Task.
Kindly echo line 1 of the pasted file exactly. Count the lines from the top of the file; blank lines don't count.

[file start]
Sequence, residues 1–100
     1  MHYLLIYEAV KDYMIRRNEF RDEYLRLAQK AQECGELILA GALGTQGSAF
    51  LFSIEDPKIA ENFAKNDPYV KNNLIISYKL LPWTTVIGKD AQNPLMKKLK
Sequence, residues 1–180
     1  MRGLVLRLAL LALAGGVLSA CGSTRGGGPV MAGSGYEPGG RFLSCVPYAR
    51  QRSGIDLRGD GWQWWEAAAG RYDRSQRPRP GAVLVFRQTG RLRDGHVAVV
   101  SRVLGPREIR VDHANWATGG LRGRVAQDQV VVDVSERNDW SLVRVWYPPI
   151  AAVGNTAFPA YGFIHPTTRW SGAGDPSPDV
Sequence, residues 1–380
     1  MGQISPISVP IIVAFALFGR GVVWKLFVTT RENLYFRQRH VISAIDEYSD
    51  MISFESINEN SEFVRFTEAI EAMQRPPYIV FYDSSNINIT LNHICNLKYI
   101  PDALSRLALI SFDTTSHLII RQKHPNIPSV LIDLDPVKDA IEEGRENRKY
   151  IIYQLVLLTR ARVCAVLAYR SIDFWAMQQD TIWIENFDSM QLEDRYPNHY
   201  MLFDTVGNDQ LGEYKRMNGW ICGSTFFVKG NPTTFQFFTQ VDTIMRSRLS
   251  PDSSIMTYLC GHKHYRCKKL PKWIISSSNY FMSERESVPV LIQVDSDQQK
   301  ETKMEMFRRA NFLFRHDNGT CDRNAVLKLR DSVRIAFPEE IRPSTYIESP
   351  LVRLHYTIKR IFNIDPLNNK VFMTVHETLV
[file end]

Sequence, residues 1–100